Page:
Countdown Has Begun to ‘Future Detroit’
Nothing spells change like a new Detroit in the year 2160. And nothing will be as fascinating and eye-opening as seeing what a new Detroit will look like through the eyes of sixth, seventh and eighth graders.
On Monday, Jan. 31, more than 1,000 students from the City of Detroit and the entire State of Michigan compete for the title of “Best City of the Future.”
For the first time ever, The Engineering Society of Detroit and its Institute united in support with the Detroit Public Schools and the Detroit City Council have challenged every middle school student in the City of Detroit to imagine and create a new Detroit.
In its 16th year, the Michigan Regional Future City Competition is a nationwide competition that challenges sixth, seventh and eighth grade students to envision a city in the future in which they would like to live. Guided by their teachers and volunteer engineer mentors, students have three months to develop a computer model, write an essay, build a physical model using engineering and mathematical principles, and then present their creation to professional judges during a daylong competition.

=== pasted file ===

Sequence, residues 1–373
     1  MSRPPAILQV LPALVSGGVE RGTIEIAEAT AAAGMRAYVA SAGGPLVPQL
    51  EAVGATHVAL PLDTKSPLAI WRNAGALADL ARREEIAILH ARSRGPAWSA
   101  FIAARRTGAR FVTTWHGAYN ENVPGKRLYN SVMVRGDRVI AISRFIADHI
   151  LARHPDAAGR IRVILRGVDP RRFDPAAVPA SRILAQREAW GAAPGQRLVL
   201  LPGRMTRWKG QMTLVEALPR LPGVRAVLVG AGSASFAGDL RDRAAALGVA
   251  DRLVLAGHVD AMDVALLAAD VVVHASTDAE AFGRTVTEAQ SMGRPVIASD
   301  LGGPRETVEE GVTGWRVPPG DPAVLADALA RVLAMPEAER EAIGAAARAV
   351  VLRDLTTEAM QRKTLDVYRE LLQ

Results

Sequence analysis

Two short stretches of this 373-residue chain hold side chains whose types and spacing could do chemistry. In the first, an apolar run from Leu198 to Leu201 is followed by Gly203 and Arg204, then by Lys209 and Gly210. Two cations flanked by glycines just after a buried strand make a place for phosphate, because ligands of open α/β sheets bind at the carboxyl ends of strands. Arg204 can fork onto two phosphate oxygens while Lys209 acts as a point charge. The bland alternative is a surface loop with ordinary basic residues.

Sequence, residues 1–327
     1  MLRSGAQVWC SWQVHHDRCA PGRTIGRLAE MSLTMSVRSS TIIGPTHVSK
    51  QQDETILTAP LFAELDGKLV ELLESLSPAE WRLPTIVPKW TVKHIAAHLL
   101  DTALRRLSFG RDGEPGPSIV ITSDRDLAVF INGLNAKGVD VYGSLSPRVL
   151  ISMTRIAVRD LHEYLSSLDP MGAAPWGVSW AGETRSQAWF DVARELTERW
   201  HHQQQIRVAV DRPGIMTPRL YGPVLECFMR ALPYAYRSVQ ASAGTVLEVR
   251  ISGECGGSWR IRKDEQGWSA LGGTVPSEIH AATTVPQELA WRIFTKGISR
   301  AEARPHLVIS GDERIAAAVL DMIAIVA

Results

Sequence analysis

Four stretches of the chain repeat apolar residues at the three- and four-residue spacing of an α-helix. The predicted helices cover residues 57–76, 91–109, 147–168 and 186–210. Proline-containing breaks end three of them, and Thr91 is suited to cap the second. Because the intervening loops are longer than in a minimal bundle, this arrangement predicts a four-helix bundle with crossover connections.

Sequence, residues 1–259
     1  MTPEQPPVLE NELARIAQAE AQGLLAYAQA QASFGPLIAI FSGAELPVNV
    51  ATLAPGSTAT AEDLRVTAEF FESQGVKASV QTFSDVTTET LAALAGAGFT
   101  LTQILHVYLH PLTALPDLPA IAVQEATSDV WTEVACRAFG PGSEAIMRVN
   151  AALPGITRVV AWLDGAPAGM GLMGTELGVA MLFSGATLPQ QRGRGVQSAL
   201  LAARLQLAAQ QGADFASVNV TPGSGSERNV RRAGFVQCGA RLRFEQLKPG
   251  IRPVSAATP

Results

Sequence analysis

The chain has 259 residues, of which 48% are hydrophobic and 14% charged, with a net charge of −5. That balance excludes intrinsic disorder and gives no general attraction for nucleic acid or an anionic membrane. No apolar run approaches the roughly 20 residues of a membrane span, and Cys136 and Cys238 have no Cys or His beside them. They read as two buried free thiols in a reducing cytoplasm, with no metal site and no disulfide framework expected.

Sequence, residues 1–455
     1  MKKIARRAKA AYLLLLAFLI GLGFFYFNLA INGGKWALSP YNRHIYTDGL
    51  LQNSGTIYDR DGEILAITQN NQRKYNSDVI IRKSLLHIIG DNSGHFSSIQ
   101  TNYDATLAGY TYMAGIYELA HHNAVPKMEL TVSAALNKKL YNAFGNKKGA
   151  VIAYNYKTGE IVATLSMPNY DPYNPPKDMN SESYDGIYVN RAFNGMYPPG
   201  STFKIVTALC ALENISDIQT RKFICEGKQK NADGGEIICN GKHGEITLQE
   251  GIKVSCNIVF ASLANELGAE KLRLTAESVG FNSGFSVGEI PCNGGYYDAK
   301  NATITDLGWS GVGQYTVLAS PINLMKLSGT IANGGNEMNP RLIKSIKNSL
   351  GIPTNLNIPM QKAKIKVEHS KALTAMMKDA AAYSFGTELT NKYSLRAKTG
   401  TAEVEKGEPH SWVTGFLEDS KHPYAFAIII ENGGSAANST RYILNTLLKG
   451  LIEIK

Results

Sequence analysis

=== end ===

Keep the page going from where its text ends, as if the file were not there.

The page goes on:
The winning team from Michigan will go to Washington, DC, in February to compete in the national Future City challenge against teams from across the country.
New this year, and following the competition on Feb. 12, teams that built a Future Detroit will be invited to participate in an ESD Institute-sponsored kids’ symposium, titled “Envisioning Tomorrow Together” whereby contestants will draft a collective vision for a future Detroit by thinking about and responding to questions like:
* What are the things that make a city cool?
* If you were envisioning “Future Detroit,” what would it look like and how would you accomplish it?
* If you were 30 years old and living in Detroit, what would be your vision in order to live and work happily there?
* If you were a future leader of Detroit, how would you accomplish your vision of Detroit?
The Michigan Regional Future City Competition is funded partly by The DTE Energy Foundation, the Ford Motor Co. Fund, Initiative Science, Arvin Meritor, and the Project Management Education Foundation.